Israeli Prime Minister Benjamin Netanyahu said he looked forward to speaking to Donald Trump about what to do about the “bad” Iran deal once Trump is president.

“As far as President-elect Trump, I look forward to speaking to him about what to do about this bad deal,” Netanyahu said Sunday, addressing the annual Saban Forum via a satellite feed.

Netanyahu in his remarks reverted to the tough pre-deal rhetoric about the agreement reached last year between Iran and six major powers swapping sanctions relief for a rollback of Iran’s nuclear program.

“I opposed the deal because it doesn’t prevent Iran from getting nuclear weapons, it paves the way for Iran getting nuclear weapons,” he said, referring to how some provisions of the nuclear rollback lapse in 10-15 years.

Since the pact was reached, and Obama defeated efforts in Congress to kill it in September 2015, Israel and other opponents have emphasised enforcing the deal as opposed to killing it outright. Netanyahu’s defence minister, Avigdor Lieberman, when he addressed the Saban Forum on Friday night, avoided saying he wanted the deal killed and instead focused on enforcement.

Netanyahu’s reverting to decrying the deal as not merely flawed but inherently dangerous signals that his hopes to scuttle it have revived. Trump has said the deal is a bad one, but has stopped short of saying he will pull out of it.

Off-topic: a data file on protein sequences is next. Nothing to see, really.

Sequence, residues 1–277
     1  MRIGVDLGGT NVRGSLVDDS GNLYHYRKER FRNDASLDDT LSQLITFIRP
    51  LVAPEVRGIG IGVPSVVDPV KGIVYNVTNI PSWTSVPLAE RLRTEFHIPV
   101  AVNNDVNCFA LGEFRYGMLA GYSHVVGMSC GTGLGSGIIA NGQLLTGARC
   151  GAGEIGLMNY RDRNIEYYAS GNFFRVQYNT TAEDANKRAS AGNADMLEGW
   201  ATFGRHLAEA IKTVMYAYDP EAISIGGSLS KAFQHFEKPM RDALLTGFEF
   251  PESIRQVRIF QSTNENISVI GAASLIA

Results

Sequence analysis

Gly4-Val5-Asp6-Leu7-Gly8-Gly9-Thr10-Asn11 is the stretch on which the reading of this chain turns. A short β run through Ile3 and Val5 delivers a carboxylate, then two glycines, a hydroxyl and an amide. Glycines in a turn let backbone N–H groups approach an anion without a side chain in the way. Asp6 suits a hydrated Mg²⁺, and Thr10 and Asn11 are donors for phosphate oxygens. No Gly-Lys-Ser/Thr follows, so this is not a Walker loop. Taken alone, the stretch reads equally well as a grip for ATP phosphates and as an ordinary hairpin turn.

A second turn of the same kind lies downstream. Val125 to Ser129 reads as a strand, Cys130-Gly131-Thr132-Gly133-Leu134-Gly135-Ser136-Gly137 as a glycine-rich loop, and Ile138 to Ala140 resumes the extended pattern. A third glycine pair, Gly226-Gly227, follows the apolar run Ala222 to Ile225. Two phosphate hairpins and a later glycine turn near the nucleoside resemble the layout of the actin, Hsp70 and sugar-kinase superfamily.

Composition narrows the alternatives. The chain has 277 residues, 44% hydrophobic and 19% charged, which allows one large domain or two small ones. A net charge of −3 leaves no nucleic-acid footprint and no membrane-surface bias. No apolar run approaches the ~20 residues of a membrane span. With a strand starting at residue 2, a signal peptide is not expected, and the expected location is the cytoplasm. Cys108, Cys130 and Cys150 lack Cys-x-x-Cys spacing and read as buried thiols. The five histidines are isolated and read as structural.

In another resuscitation of his pre-deal posture, Netanyahu refused to count out a military strike against Iran as a means of stopping it from obtaining a nuclear weapon.

“I mean Israel is committed, and when I say we’re committed, we’re committed” to keeping Iran from getting nuclear weapons, Netanyahu said, when pressed by Haim Saban, the Israeli-American entertainment mogul who funds the forum, on whether would use military force.

Unlike Liberman, who suggested in his Saban appearance that he was concerned a Trump administration was retreating to “splendid isolation,” Netanyahu said he was not concerned that Trump would diminish the U.S. role abroad.

“He has a clear vision of America’s role and dominance in the world,” he said. “I don’t think he’s going to put the world aside; I think the opposite is true.”